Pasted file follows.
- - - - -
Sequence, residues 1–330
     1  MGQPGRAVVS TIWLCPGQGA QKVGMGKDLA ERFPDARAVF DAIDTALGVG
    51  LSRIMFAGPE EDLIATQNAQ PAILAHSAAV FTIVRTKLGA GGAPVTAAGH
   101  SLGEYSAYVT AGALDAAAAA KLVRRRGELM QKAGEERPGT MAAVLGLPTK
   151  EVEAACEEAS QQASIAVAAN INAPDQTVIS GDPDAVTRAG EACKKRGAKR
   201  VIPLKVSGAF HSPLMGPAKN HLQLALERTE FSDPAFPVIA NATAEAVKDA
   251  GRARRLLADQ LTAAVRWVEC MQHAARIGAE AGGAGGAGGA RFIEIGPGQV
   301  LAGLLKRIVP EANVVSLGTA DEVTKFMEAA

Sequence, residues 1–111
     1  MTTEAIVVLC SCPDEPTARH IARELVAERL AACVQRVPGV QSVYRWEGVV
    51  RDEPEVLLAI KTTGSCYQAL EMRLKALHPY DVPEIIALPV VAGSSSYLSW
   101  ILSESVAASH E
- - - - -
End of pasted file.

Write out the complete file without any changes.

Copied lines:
Sequence, residues 1–330
     1  MGQPGRAVVS TIWLCPGQGA QKVGMGKDLA ERFPDARAVF DAIDTALGVG
    51  LSRIMFAGPE EDLIATQNAQ PAILAHSAAV FTIVRTKLGA GGAPVTAAGH
   101  SLGEYSAYVT AGALDAAAAA KLVRRRGELM QKAGEERPGT MAAVLGLPTK
   151  EVEAACEEAS QQASIAVAAN INAPDQTVIS GDPDAVTRAG EACKKRGAKR
   201  VIPLKVSGAF HSPLMGPAKN HLQLALERTE FSDPAFPVIA NATAEAVKDA
   251  GRARRLLADQ LTAAVRWVEC MQHAARIGAE AGGAGGAGGA RFIEIGPGQV
   301  LAGLLKRIVP EANVVSLGTA DEVTKFMEAA

Sequence, residues 1–111
     1  MTTEAIVVLC SCPDEPTARH IARELVAERL AACVQRVPGV QSVYRWEGVV
    51  RDEPEVLLAI KTTGSCYQAL EMRLKALHPY DVPEIIALPV VAGSSSYLSW
   101  ILSESVAASH E